The foods we eat determine what kind of house (or body) that we build. Good
food makes for healthy bodies and junk food makes a poor body.Minerals
are the materials for building our bodies. They are like boards, nails, paint
and plaster that are used to make a house. Each body part requires minerals,
some parts require more of one kind of mineral than another. Vitamins are the
tools we need. They are like the hammers, drills and saws that help us make
everything fit just right.
Now, we need more than just materials and tools to build a house. They’d
just lay there unless someone starts using them. Enzymes and co-enzymes are
the construction workers and their helpers. They put everything into action. Good sources of
enzymes are fresh fruits and vegetables particularly papaya, apples, pears,
melons and pineapple.
Once we have the materials, tools and construction crews, we need energy to
run everything. Our body makes energy from three sources; carbohydrates,
proteins and fats. There are good fats and bad fats. Simple carbohydrates and
complex carbohydrates. Protein can come from meat or proper combinations of
fruits, vegetables and/or grains.
Fats take longest to breakdown and make us feel full longer, generate body
heat, soothe nerves and help make a protective coating for them. The right
kind of fat is essential for good health. Good fats come from sources like
nuts, seeds, avocados, sea foods and olives. Bad fats come from hydrogenated oils, fatty
meats, palm oils, processed cheeses and foods. You can usually (but not
always) identify a bad fat by seeing if it is solid at room temperature. The
bad fats clog our blood vessels, heart and brain.
Proteins breakdown faster than fats, but still slower than carbohydrates
and help stabilize blood sugar. They are made up of smaller parts call amino
acids which are vital to our muscles, tendons, nails, hair and bones. Our
brain needs these amino acids to send and receive messages.Good
sources of protein are lean meats (particularly fish, lamb, buffalo and
turkey), beans with rice, grains with nuts or seeds.
Complex carbs come mostly from whole grains and some fresh fruits and
vegetables. They break down the fastest and give us quick usable energy.
Simple carbs come from sugar and refined foods like candy, sodas and
cookies. They breakdown extremely fast, causing rapid blood sugar spikes and
dips. Refined sugar is Public Enemy #1.
gland in the brain, called the hypothalamus, is constantly monitoring blood
sugar levels and sends messages to other body parts to secrete hormones to
keep the blood sugar balanced. When we eat sugar, it goes quickly into the
blood stream causing a big spike in our blood sugar. This causes the
hypothalamus to panic and trigger the pancreas to release too much insulin.
Then our blood sugar drops too low causing a condition called hypoglycemia.
This condition causes damage to the brain. So, the hypothalamus then calls for
the release of emergency stores of a type of sugar called glucagon. This yo-yo
effect also causes the central nervous system to malfunction. Your central
nervous system is like the internet and telecommunications center for the
body. If it malfunctions, no one can send or receive their messages causing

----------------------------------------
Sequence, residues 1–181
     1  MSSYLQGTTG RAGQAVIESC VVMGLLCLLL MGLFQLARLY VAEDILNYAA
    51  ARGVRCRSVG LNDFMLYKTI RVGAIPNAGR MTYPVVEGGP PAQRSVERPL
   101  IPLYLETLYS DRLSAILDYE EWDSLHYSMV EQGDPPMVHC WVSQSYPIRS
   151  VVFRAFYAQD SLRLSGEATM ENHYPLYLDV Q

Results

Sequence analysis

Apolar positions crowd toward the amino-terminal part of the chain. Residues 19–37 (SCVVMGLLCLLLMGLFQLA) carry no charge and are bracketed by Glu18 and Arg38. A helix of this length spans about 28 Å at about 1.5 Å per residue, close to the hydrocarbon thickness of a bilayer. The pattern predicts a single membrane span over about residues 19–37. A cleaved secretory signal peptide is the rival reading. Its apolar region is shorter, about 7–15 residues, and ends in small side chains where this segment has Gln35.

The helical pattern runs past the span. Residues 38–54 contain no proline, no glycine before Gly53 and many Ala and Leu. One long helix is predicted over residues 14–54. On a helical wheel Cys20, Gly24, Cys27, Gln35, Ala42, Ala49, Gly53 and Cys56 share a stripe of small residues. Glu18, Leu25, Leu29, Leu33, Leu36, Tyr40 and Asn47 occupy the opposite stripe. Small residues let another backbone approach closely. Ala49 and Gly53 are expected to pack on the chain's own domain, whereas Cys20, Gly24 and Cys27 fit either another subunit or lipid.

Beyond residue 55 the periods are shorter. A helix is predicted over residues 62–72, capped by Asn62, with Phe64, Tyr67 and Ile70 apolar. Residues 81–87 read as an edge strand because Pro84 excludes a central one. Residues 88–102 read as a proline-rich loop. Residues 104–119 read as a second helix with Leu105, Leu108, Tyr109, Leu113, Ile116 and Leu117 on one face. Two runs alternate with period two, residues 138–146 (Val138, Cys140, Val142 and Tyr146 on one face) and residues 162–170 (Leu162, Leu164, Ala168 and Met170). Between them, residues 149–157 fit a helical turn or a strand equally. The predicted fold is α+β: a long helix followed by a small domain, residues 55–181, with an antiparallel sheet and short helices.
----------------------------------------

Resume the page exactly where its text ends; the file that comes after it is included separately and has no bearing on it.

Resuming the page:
serious problems for the entire body. Just over 100 years ago, people consumed
less than 30 pounds of sugar per year. Currently, the average American consumes
138 pounds of sugar a year! Forensic anthropologists have noted that as
our sugar consumption has increased, so have complaints of brain issues like
ADD/ADHD, senility, memory loss, and so forth.
Want to know just how much all this sugar can affect you? Consider this:
takes 32 glasses of mineral water (that's 2 full gallons) to repair and
replace what 1 twenty-ounce bottle of soda did to your body!
For optimum energy and a well functioning
body we need a balanced diet. Assuming no sugar processing issues like Metabolic Syndrome or Diabetes, ideally in the following amounts:
These ratios change when diabetes or metabolic syndrome is involved. In these cases, the diet MUST be tailored to the individual. A HIGHLY complext process that takes a number of variables into account such as activity level, age, weight, and all the many hormones involved like the thyroid, adrenals and liver, as well as the pancreas. Our staff has invested years in learning how to guide our cliets through this complicated process. (And our school devotes multiple classes toward learning how to do this well.)
- Complex carbohydrate foods (Grains, fresh fruit and vegetables)
- 70 - 75%
- Protein containing foods (Lean meat, beans, eggs, etc) - 10
- Good fat containing foods (Nuts, seeds, olives, etc)
- 10 - 15 %
Many foods provide us with a balance of nutrients. Salmon, for example, is a
good source of protein and good fat. Almonds are high in vitamins A, C and E;
the minerals potassium, magnesium, phosphorus and Selenium; and they provide
complex carbohydrates, good fats and protein.
One of the easiest ways to insure you are eating properly is to divide your
plate into quarters. Three quarters needs to be fruits and vegetables (fresh,
steamed, or frozen are best) and the last quarter can be everything
else: meats, nuts, seeds, egg, grains, pasta, yogurt,
etc., If you have blood sugar issues, limit fruits and sweet
vegetables like carrots, to one quarter daily. Focus more on leafy or green
vegetables like kale, romaine, celery, cucumbers, zucchini and broccoli . Many
people with blood sugar issues also find they do best if they start the day
with a little protein and continue to get small amounts throughout the day. A
few nuts or seeds here and there, a little yogurt (make sure it's an organic kind like Stoneyfield Farms or Brown
Cow with no added sugar), or a protein drink are all quick
and easy options for getting in a little protein throughout the day.